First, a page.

Here’s a quick look at some of the high-profile Criminal Justice bills moving through the…
Laura A. Bischoff The Columbus Dispatch
As Ohio faces the biggest public corruption case in the nation, Republican lawmakers are moving to change where future scandals may be prosecuted.
House Bill 286 was amended Tuesday to allow those charged with public corruption to be tried in their home counties. Currently, most of those cases, if they are charged under state law, are handled by the Franklin County Prosecutor.
“It’s curious that after more than 60 years of GOP control, now Franklin County has a Democratic prosecutor—one who could actually prosecute public corruption crimes at the Statehouse—House Republicans decide to change the rules. Why should we let those accused of public corruption get to pick their own prosecutor?” said state Rep. David Leland, D-Columbus.
Former Ohio House speaker Larry Householder, R-Glenford, and four others have been charged in U.S. District Court with racketeering. Federal prosecutors allege that more than $60 million in bribes passed through dark money groups in exchange for a $1.3 billion bailout bill that would help Akron-based FirstEnergy Corp.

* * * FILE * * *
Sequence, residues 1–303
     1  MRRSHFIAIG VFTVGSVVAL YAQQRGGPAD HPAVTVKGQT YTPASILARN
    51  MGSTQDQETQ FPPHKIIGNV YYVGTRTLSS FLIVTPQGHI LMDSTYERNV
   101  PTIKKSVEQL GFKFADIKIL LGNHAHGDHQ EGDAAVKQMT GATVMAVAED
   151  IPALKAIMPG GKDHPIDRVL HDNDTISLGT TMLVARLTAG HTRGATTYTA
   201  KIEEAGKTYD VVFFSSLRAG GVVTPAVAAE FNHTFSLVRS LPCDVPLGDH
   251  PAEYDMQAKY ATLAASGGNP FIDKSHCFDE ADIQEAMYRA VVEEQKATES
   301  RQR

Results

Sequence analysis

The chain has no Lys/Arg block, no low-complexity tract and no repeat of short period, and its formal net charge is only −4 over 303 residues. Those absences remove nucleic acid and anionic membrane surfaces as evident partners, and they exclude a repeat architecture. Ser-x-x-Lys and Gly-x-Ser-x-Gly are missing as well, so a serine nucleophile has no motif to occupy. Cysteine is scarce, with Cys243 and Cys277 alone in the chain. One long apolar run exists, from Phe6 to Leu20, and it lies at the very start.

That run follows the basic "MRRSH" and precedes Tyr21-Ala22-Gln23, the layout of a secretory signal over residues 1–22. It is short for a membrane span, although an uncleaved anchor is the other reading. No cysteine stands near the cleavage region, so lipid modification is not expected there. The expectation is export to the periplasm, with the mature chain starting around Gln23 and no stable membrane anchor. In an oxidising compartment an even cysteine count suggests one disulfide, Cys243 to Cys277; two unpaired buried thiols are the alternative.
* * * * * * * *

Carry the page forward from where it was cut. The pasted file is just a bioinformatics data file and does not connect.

Householder has pleaded not guilty.
The change was added to House Bill 286 over Democrats’ objections in the House Civil Justice Committee.
“It is simply an attempt by officeholders to avoid responsibility for illegal conduct,” said Franklin County Prosecutor Gary Tyack, a Democrat, said in an interview.
In committee, state Rep. Bill Seitz, R-Cincinnati, said the change mimicked one in Texas, which passed in 2015 and allowed officials to avoid Austin prosecutors when facing corruption charges.
“That was the origin of it and we’ve been waiting for the right opportunity to do it,” said Seitz, the primary sponsor of the bill.
The idea has been floating around the Statehouse for several years. Former Franklin County Prosecutor Ron O’Brien, a Republican ousted by Tyack, opposed the change.
Jessie Balmert and Anna Staver contributed to this report.